PORT SECURITY & TECHNOLOGY 2006 - Science and cargo security

By: | at 07:00 PM | Channel(s): Ports & Terminals  

New technologies identify explosives with nuclear fingerprintBy Peter A. Buxbaum, AJOTA Massachusetts company, backed by funding from the Department of Homeland Security, is developing what it calls the next generation of explosive detection systems for cargo security. What differentiates this new system from its predecessors, according to Passport Systems, based in Acton, is that it can provide users with an atomic fingerprint of container contents, instead of a mere image.
The system makes use of nuclear resonance fluorescence imaging (NRFI), a technology invented by MIT professor William Bertozzi in the 1990s in the aftermath of the Lockerbie terrorist plane bombing. Passport Systems was formed in 2002 to adapt NRFI to cargo security.
The system works by bombarding containers with a stream of photons designed to excite nuclear particles. The energy emitted by the nuclear particles during the process of returning from an excited to a normal state results in a unique energy spectrum which is read by the system.
This is by no means DHS’s first foray into the area of cargo security. The agency has aided in the development, testing, and deployment of a number of different explosive detection systems, some of which make claims similar to Passport’s.
“What makes this so exciting, versus the research that has been done in the past with x-ray machines, is that we are able to get better penetration into dense and big cargoes to find out what is inside,” said Bob Ledoux, Passport System’s CEO. “The second generation of x-ray detection systems now being deployed uses high energy x-rays to get more penetration. But the main drawback to the older systems is that an operator has to interpret the image generated by the x-ray.”
Terrorists attempting to smuggle radiological material into the United Stated will shield it behind material that x-rays won’t be able to penetrate, according to Ledoux. An operator viewing a large dark image on an x-ray picture will likely flag the container for manual inspection, a process that will yield too many false positives and which can slow down the flow of commerce.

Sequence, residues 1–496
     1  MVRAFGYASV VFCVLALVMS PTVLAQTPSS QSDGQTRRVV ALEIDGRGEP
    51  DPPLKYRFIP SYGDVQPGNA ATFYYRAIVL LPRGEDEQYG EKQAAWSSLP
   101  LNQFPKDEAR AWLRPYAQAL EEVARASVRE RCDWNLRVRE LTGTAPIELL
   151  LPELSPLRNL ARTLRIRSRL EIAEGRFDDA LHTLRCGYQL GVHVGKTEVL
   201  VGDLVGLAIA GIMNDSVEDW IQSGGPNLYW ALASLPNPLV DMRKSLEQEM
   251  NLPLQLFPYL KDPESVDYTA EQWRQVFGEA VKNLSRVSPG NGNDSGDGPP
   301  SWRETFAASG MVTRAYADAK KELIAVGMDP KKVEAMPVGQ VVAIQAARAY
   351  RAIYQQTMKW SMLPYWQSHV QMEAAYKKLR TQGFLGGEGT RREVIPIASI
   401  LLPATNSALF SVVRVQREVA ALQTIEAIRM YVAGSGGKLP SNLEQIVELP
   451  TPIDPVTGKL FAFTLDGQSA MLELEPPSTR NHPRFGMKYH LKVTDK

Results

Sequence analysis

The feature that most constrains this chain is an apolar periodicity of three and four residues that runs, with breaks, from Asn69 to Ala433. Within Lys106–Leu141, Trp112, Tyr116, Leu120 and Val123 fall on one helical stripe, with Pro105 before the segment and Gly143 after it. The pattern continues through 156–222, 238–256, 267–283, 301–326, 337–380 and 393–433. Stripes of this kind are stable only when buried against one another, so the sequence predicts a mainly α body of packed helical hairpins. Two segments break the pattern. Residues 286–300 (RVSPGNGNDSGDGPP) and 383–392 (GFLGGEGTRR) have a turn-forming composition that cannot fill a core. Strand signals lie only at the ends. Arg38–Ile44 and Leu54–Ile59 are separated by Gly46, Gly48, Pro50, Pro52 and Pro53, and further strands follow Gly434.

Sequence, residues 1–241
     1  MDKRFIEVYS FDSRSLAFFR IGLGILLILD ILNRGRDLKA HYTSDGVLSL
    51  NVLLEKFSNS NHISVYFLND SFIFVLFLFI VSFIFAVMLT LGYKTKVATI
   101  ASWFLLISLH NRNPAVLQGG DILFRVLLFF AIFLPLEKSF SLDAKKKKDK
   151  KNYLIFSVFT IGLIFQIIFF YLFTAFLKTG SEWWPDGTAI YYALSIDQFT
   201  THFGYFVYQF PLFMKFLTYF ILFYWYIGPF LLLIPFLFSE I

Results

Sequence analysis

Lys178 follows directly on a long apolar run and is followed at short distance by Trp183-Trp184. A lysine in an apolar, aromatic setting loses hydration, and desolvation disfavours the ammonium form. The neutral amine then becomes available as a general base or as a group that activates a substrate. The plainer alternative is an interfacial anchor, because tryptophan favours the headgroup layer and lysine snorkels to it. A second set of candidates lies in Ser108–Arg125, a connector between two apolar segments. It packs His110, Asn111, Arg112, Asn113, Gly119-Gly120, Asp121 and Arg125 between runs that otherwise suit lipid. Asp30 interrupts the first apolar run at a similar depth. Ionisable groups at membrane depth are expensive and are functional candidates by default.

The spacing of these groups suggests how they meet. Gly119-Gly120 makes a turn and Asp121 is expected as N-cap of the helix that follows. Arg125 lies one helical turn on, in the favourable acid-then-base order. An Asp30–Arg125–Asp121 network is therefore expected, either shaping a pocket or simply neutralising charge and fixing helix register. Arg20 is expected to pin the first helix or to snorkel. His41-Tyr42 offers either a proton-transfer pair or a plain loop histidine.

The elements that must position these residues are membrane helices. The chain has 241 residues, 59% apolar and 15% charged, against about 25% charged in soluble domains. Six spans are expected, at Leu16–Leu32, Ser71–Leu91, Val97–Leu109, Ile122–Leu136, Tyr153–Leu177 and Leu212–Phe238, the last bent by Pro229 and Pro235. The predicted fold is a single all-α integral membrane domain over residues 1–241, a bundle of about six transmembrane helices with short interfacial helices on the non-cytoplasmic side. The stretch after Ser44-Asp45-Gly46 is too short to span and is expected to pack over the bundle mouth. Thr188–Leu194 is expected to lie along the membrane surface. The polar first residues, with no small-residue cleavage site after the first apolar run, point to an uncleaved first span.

“No one wants that,” said Ledoux. “Port authorities, users, shippers, and the government all say they will deploy second generation systems, but our technology will be the next step beyond that. Our system can detect what kind of material is behind the shield. If it is a potential weapon of mass destruction, we can also tell what it is. You don’t want some unskilled person opening the container when you should be evacuating the port and sending in a SWAT team.”
The Passport system is not the first innovative cargo security system with which the Department of Homeland Security has been involved. In 2004, the Transportation Security Administration broke ground on a facility in Ysleta, Texas, the sixth largest truck border crossing between the United States and Mexico, which deployed a Pulsed Fast Neutron Analysis (PFNA) system. The facility, which became operational in April 2005, cost TSA, along with the Department of Defense, the Bureau of Customs and Border Protection, and the General Services Administration $13.5 million
“The PFNA system is being installed at Ysleta to undergo an operational test and evaluation,” said Susan Hallowell, director of the Transportation Security Administration’s laboratory in Atlantic City, NJ. “This program will measure the detection capability, false alarm rate, and inspection throughput of the PFNA system.”
PFNA technology, developed during the 1980s and 1990s with help of Defense Advanced Research Projects Agency funding, inspects containers using neutrons to distinguish one type of material from another by comparing inspection results to a programmed data base of signatures of explosives, chemical and nerve agents, radioactive materials, and other contraband. The system creates an image indicating where the potential explosive or chemical agent is located. The TSA is planning to deploy PFNA systems at Houston’s George Bush Intercontinenta

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American Journal of Transportation

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Peter Buxbaum has been writing about international trade and transportation, as well as security, defense, technology, and foreign policy, for over 20 years. Besides contributing to the AJOT, Buxbaum's work has appeared in such leading publications as [em]Fortune, Forbes, Chief Executive, Computerworld, and Jane's Defence Weekly[/em]. He was educated at Columbia University.